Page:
• 10 US population gt17 years of age have peptic
    ulcer disease at some time.
  • White Americans have a 10 prevalence of H.
    pylori by age 35 and 80 by age 75.
  • Black Americans have a 45 prevalence of H.
    pylori by age 25.

16
Pathophysiology
  • Prostaglandins produce mucous and bicarbonate
    ions which protect the tissue in the stomach by
    being destroyed with hydrochloric acid and
    pepsin.
  • Dyspepsia is the imbalance between the protective
    mucosa and acid/pepsin.
  • Peptic ulcer which is a defect beyond muscularis
    mucosa will develop if there is an imbalance.
  • Note -stress ulcers do not extent through the
    muscularis mucosa.

17
Pathophysiology
  • Two types of peptic ulcers
  • 1) Duodenal ulcers which occur in the
    first portion of the duodenum.
  • 2) Gastric ulcers which usually occur in
    the lesser curvature of the stomach.

18
Causes
  • H. pylori - a spiral, urease producing
    flagellated bacterium which lives between the
    mucus gel and mucosa. Its production of urease,
    cytotoxins, proteases and other compounds disturb
    the gel and increase tissue exposure to acid and
    pepsin.
  • H. pylori is seen in 95 of patients with
    duodenal ulcers and 80 of gastric ulcers.
  • Note only 10-20 of patients who are infected
    with H. pylori will develop ulcers.

19
Causes
  • NSAIDs - inhibit prostaglandins which in turn
    increases tissue exposure to acid and pepsin.
  • Zollinger-Ellison syndrome - is a gastrin
    secreting tumor which creates such a high acid
    level it over rides the protective gel.
  • Cigarette smoking - inhibits bicarbonate ion
    production and increases gastric emptying.

20
Causes
  • Bile salts
  • Emotional stress
  • Type O blood
  • Prolonged use of corticosteriods
  • Caffeinated beverages
  • Note diet and alcohol are not predisposing
    factors to the development of peptic ulcers.

21
Clinical Features
  • Epigastric pain - (gnawing, aching or burning) is
    the main complaint.
  • Gastric ulcers usually develop pain shortly after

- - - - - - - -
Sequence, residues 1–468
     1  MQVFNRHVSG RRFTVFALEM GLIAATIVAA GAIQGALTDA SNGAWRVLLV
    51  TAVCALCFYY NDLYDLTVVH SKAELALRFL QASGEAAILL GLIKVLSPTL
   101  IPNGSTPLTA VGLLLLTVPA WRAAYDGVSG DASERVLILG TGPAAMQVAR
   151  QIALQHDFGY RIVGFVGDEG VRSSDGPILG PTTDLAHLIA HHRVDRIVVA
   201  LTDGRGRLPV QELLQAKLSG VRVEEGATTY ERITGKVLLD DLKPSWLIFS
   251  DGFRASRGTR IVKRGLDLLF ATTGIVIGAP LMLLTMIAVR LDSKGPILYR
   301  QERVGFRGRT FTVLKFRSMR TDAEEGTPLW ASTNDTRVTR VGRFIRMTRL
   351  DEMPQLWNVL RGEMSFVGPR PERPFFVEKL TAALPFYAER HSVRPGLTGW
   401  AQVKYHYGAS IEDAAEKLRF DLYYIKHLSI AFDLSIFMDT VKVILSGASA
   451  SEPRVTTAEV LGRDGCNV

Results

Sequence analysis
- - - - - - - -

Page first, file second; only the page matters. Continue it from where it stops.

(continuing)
eating.
  • Duodenal ulcers usually develop pain 2-3 hours
    after eating and awaken patients at night. Pain
    can be relieved by food.
  • Physical exam of uncomplicated PUD, there may be
    a finding of epigastric tenderness.

22
Diagnosis
  • Definite diagnosis can only be made by
    visualization with an upper GI or endoscopy.
  • Endoscopy has the advantage of being able to take
    a biopsy which is definitely needed for gastric
    ulcers to rule out malignancy.

23
Diagnosis
  • Several ways to determine H. pylori infection
  • 1) invasive
  • a) during endoscopy a rapid urease
    test, histologic
  • study, or culture can be done.
  • 2) noninvasive
  • a) serologic studies which can not be
    done as a
  • follow up for cure due to
    antibodies being
  • positive for several years after
    eradication of
  • infection.
  • b) urea breath test can be used to
    confirm cure.
  • c) stool antigens test can also be
    used to confirm
  • cure.

24
Treatment
  • Stop any offending agents such as NSAIDs.
  • Bland diets with frequent feedings has not been
    shown to be effective.

25
Treatment
  • Antacids neutralize gastric acids.
  • a) good for acute pain relief and healing
    ulcers.
  • b) poor compliance due frequency of
    doses.
  • c) inhibit absorption of some drugs such
    as warfarin,
  • digoxin, some anticonvulsants and
    antibiotics.
  • d) aluminum causes constipation and should
    not be
  • given with renal failure patients due
    to
  • accumulation which can cause
    osteoporosis and
  • encephalopathy.
  • e) magnesium causes diarrhea.

26
Treatment
  • H2- Antagonists inhibit gastric acid secretion
  • a) equally as effective as antacids with
    better
  • compliance due to decreased frequency
    of
  • doses.
  • b) cimetidine inhibits cytochrome p450
    system
  • greater than other H2-antagonists
    which
  • will cause an increase in drugs such
    as